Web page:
Ideas for Merging Religious and Spiritual
- A multi-faith church – I’m a minister through the Universal Church of the Master (UCM), http://u-c-m.org. They’re multi-faith, come as you are group that honours all religions and walks of life. There are other religious organizations that are similar, often consisting of congregations that have come from major religious orders and seeking something more open spiritually without dogma and/or preference.
- A meditation practice – There are a lot of meditation techniques out there but not all are targeted toward connecting you to your spiritual essence in accord with a higher power. Practices like mindfulness and Zen are more intellectual and help a lot to calm your physiological stress complex and break down your belief systems. Correspondence practices help you to take small steps in learning a practice via mail, email, or multimedia. They’ll also have community, books for further study, and possible meditation groups in your area. A few good ones are:
- Meetup – http://meetup.com is a website and a great outlet for finding like minded people in your area. You search the site by keywords of things you like and it brings up groups of people that do those things. Many times the groups aren’t that active but it just takes someone to initiate an event. Just trust that you’ll always connect with the people you’re supposed to.
- Prayer – This isn’t the kind of prayer where you’re praying FOR things. It’s more powerful to be grateful for the things you have. Itemize them and let the power build as you pray and give thanks. Once you get the power generated, send that power to those that are in need. They could be friends, family, or people you don’t even know. Acknowledge that the power you’re generating is doing good things for you and simply ask to be better than the best you can be. Prayer can be done before you leave the house in the morning, before you go to bed at night, or anytime that you have that can be consistent.
- Yoga – Yoga is a great way to meet people, bring health to your body, learn to quiet your mind, and connect with spirit all at the same time. You may find the perfect teacher right off the bat if you set your mind to it. Or, it may take a few tries until you find just the right fit. Start by looking for a yoga studio and see what classes they’re offering. Often you can combine a meditation space and a yoga space and get both needs served.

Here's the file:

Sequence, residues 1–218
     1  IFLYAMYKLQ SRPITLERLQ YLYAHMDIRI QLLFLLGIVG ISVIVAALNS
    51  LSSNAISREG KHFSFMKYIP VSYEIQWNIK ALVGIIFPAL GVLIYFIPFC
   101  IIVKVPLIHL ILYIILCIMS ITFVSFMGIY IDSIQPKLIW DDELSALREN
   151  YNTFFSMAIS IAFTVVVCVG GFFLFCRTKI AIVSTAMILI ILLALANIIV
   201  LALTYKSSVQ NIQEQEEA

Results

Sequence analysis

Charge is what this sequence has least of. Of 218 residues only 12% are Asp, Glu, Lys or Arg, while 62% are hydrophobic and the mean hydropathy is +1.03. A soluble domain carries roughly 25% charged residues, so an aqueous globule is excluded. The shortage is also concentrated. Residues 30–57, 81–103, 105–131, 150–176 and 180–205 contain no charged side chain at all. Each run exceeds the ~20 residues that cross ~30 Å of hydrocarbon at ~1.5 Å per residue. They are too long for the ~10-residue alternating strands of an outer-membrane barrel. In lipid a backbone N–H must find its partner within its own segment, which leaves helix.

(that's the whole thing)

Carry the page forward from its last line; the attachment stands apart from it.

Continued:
- Nature – If you’re a concrete jungle type of person, get outside and get into the park, the forest, a riverwalk, anything that will consistently remind you that we come from the earth, and will eventually go back to it. I would say a daily walk is a great thing. Constantly remind yourself of the planet and the biological processes that occur in spite of humanity’s presence here. There are physiological and psychological reasons for doing this and it can’t be overstressed how important it is.
I discovered through this exploration that I was okay defining indigenous societies as being religious simply because they had consistent rituals. It also brought clarity to my understanding that being spiritual, like being religious, needs to have equal parts stimulation and temperament. As is my nature, I tend to lean toward balance in all things, and this is equally important with being spiritual and being religious. Each is better served with a bit of the other.